The evidence-based guidelines on the evaluation and treatment of androgen deficiency syndromes in adult men updated in 2010 by The Endocrine Society are the most current recommendations available to guide practitioners. The following are highlights of the recommendations.
Diagnosis: Diagnosis should only be made in men with consistent signs and symptoms of androgen deficiency as well as low testosterone level documented by repeated laboratory tests. Use of morning total testosterone measurement is preferred; however, in men with borderline total testosterone levels or with suspected abnormal sex hormone binding globulin level, measurement of free or bioavailable testosterone level may be used. Evaluation should not occur during acute illness.
Treatment: Testosterone therapy is recommended for symptomatic men, to induce/maintain secondary sex characteristics and to increase sexual function, sense of well-being, muscle mass and strength, and bone mineral density. It is not recommended for patients with breast or prostate cancer, palpable prostate nodule or induration, or a prostate specific antigen (PSA) >4 ng/mL or PSA >3 ng/mL in men at high risk of prostate cancer, hematocrit >50%, severe lower urinary tract symptoms associated with benign prostatic hypertrophy (ie, AUA/IPSS score >19), uncontrolled or poorly controlled congestive heart failure, or uncontrolled severe obstructive sleep apnea.
The choice of testosterone formulation should be made based on patient preference, pharmacokinetics, cost, and treatment burden. The goal of treatment should be to achieve testosterone levels in the mid-normal range, according to the guidelines.
Treatment options include:
Monitoring: Patients should be monitored every 3 to 6 months and then annually thereafter.
Bhasin S, Cunningham GR, Hayes FJ, et al. Testosterone therapy in men with androgen deficiency syndromes: an Endocrine Society clinical practice guideline. J Clin Endocrinol Metab. 2010;95(6):2536–2559.
Commentary by Tamara L Wexler MD, PhD
Key to the guidelines for use of testosterone treatment are: 1) confirmed low testosterone measurements, 2) signs or symptoms of low testosterone, and 3) absence of contraindications. As testosterone levels fluctuate throughout the day and night, to determine whether someone has hypogonadism, testosterone levels should be measured in the morning, when they are usually the highest. (This is assuming a normal sleep-wake cycle; it may be blunted in older individuals.) If free testosterone levels are used, they should be calculated (from total testosterone, albumin, and sex hormone-binding globulin) or measured by equilibrium dialysis; analog methods may well be inaccurate. The reference range should be age- and assay-specific. Signs and symptoms of low testosterone are necessary to determine the risk-benefit ratio of testosterone therapy, and those signs/symptoms should be monitored along with testosterone levels if treatment is initiated. Contraindications are based on known effects of testosterone, such as on red blood cell count.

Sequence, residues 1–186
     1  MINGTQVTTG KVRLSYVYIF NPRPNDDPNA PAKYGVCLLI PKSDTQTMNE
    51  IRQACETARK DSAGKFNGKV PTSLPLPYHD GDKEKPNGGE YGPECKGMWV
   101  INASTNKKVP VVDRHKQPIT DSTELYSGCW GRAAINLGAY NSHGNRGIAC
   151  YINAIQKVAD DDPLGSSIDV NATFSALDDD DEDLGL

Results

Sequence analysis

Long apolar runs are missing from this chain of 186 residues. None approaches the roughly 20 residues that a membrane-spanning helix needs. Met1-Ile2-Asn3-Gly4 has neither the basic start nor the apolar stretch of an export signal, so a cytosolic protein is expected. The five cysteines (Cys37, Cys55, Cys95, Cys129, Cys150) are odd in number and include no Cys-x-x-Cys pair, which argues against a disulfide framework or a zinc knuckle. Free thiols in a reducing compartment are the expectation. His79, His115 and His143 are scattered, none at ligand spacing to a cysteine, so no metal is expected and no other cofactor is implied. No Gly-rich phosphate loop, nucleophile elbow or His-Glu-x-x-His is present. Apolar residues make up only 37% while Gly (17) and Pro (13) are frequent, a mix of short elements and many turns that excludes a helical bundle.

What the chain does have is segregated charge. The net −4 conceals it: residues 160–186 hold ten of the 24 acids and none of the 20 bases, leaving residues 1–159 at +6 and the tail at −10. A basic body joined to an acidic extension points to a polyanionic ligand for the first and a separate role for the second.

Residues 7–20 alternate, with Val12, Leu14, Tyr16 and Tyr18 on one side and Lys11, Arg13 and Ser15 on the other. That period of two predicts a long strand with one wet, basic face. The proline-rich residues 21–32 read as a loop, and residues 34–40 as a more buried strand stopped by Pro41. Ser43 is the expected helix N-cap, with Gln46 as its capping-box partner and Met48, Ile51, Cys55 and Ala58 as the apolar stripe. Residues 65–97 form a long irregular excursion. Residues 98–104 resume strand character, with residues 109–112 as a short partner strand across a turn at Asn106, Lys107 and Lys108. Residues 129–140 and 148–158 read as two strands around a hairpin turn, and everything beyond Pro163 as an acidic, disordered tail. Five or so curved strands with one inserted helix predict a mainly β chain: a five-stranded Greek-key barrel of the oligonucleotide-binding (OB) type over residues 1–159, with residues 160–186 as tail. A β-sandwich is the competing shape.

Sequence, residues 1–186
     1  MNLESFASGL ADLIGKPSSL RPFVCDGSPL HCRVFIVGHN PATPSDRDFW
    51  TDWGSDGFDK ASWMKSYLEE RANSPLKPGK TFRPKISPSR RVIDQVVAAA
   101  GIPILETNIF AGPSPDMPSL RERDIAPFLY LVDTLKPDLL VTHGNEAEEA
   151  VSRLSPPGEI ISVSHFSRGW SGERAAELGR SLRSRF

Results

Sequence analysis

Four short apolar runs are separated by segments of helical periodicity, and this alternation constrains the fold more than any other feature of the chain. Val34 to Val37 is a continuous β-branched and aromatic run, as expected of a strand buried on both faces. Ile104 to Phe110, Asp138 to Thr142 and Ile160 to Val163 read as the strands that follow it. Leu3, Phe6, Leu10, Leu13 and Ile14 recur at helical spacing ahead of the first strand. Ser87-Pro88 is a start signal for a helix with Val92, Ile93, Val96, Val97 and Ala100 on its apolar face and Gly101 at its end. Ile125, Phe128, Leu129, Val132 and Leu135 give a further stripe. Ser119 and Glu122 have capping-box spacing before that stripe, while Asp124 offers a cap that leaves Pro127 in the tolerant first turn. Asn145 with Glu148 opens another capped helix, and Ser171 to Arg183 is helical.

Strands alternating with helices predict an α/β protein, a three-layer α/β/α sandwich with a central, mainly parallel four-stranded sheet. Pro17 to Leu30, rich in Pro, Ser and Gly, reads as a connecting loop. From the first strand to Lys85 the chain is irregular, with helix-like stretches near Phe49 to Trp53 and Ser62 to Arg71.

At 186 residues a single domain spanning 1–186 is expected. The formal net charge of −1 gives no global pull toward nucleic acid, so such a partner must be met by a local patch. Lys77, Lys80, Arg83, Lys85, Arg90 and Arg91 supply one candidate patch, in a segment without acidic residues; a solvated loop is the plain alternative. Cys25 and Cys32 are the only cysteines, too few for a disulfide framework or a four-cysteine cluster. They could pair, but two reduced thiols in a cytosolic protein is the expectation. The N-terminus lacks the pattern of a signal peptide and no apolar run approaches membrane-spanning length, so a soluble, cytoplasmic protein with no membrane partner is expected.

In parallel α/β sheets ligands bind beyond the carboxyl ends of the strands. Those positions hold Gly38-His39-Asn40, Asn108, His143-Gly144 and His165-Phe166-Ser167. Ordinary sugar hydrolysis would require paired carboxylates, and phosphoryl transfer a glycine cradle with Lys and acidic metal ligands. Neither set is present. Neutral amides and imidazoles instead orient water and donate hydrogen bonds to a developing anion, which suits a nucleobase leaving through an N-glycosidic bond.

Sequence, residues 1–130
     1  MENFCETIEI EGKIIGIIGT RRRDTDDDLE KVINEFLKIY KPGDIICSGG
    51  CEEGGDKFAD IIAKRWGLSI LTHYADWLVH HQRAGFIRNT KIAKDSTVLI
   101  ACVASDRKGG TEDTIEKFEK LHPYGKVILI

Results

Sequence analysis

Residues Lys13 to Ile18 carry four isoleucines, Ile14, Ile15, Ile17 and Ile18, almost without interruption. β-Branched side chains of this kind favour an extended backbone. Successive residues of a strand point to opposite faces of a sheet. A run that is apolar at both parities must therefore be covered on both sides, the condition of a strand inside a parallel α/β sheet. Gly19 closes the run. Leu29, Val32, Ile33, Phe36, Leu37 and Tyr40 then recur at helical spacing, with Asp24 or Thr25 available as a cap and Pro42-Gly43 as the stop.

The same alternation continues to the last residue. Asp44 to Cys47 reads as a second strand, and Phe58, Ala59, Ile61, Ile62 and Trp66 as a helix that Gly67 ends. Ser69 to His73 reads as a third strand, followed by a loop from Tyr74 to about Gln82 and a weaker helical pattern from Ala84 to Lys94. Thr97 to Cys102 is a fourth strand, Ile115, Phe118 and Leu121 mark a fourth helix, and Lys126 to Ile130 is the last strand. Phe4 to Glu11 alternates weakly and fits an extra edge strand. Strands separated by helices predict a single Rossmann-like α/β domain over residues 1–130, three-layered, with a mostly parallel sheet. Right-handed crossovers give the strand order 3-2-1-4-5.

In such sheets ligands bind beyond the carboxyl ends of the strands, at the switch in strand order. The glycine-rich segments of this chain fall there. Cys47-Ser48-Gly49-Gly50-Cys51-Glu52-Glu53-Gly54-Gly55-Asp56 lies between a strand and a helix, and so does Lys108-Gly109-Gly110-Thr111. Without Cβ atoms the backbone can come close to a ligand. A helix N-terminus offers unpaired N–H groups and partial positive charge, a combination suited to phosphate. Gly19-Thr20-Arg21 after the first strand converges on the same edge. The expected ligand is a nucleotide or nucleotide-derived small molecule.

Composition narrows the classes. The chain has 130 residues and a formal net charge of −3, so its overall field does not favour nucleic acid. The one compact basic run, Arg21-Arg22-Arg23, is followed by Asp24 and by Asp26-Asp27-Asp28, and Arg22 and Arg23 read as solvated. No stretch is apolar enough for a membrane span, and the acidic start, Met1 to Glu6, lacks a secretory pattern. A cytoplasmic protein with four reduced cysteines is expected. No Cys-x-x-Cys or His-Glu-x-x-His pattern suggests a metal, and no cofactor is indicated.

Following establishment of low testosterone level, further testing should be conducted prior to initiation of treatment, to determine the etiology of the deficiency. In some situations, testosterone itself may not be the appropriate treatment, such as in men with secondary hypogonadism who desire fertility. Certain adjunct evaluations should be undertaken as well, to establish whether there are contraindications to testosterone therapy (PSA level and prostate exam, hematocrit, et al).
At present, there is no evidence to support screening of the general population. Evaluation should be sparked by signs or symptoms consistent with hypogonadism, or a history of certain illnesses.
The decision to start testosterone therapy is tailored to each patient. Broadly speaking, the use of testosterone treatment in adult men (that is, beyond puberty) can be separated into two categories: 1) use in adults with testosterone deficiency such as caused by disturbances in the hypothalamic-pituitary-testicular axis, and 2) use in adults with symptomatic hypogonadism of unknown cause. [Other uses may include induction of delayed puberty, use in transgendered individuals, and use in certain chronic disease states.] When the testosterone deficiency is due to known disease, the situation is more clear-cut for most physicians. It is less clear in older men with levels that begin to fall, as the normal range has not been established for all ages; identification of symptoms and signs (such as using bone densitometry) is important. The Endocrine Society recommends against general use of testosterone therapy in older men with low testosterone levels. In cases in which clinically significant symptoms accompany repeat low testosterone levels, opinions of the committee varied as to the testosterone level below which testosterone treatment is warranted (<200 ng/dL or <300 ng/dL). In each situation, it is important to weigh a patient’s symptoms against potential risks before initiating treatment, and to monitor testosterone levels and clinical signs and symptoms.
In February of this year, The Endocrine Society came out with a statement calling for larger and longer trials on the use of testosterone therapy, and a recommendation that doctors speak with their patients regarding the risks—particularly regarding heart disease—and benefits of testosterone use.